In recent months, there have been a couple of eye-opening studies on SCT, and I wanted to summarize them for y'all.

Study #1:
Skirbekk B, Hansen BH, Oerbeck B, and Kristensen H. The relationship between sluggish cognitive tempo, subtypes of attention-deficit/hyperactivity disorder, and anxiety disorders. Journal of Abnormal Child Psychology 39(4):513-525. May 2011.

What they did:
The authors, working in Norway, identified kids ages 7-13 who were being seen in outpatient clinics for evaluation of ADHD and/or anxiety disorders, as well as some "control" children from nearby schools without any identified psychiatric disorder (total of 141 kids).

They had mothers fill out questionnaires about their kids to get an idea of the kids' ADHD symptoms, anxiety symptoms, and SCT symptoms. They also gave the kids a variety of neuropsychological tests at their clinic to examine intelligence, attention, executive functions, and processing speed.

They were very strict about classifying kids as ADHD-PI to try to avoid including "subthreshold ADHD-C" kids (those kids who fit the "combined type" pattern but just miss the symptom cut-off).

What they found:
Kids with both ADHD + anxiety were more likely to have SCT symptoms than kids with only ADHD or only anxiety.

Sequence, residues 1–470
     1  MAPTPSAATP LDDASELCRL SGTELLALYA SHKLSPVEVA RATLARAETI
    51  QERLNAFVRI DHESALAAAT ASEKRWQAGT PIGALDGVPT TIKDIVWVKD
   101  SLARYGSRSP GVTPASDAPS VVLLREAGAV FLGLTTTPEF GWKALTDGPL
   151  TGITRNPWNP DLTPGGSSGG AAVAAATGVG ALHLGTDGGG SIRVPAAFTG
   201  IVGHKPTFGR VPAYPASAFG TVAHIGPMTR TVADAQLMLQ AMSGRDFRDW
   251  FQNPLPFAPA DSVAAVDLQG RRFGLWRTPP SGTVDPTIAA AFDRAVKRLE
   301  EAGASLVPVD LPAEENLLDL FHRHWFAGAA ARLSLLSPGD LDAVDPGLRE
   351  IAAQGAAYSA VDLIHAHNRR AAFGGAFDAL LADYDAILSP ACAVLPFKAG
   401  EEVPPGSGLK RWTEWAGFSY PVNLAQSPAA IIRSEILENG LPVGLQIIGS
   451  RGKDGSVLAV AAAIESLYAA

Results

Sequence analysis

Kids with both ADHD-C and ADHD-PI were about equally likely to have SCT symptoms.

Kids with SCT didn't seem to have slower reaction times than other kids, but they had more variable spatial memory.


Study #2:
Barkley RA. Distinguishing sluggish cognitive tempo from attention deficit/hyperactivity disorder in adults. Journal of Abnormal Psychology(advance online publication). May 2011.

What he did:
Russell Barkley hired a firm to recruit a "nationally-representative" sample of adults, about half male and half female, ages 18+ from across the U.S.

The adults completed questionnaires to assess ADHD symptoms, SCT symptoms, executive function, functional impairment, and demographics and social variables.

He based his classification of "SCT" on a score in the 95th percentile or higher (meaning these adults were in the top 5% for SCT symptoms) based on questionnaire responses. ADHD was also classified based on a similar cut-off using his questionnaire.

What he found:
Of these adults, 33 had SCT but not ADHD, 46 had ADHD but not SCT, and 39 had both SCT + ADHD.

Of the adults with ADHD, they were evenly split by subtype: ~1/3 ADHD-PI, ~1/3 ADHD-HI, and ~1/3 ADHD-C (different from most studies of adults, which find very few ADHD-HI cases).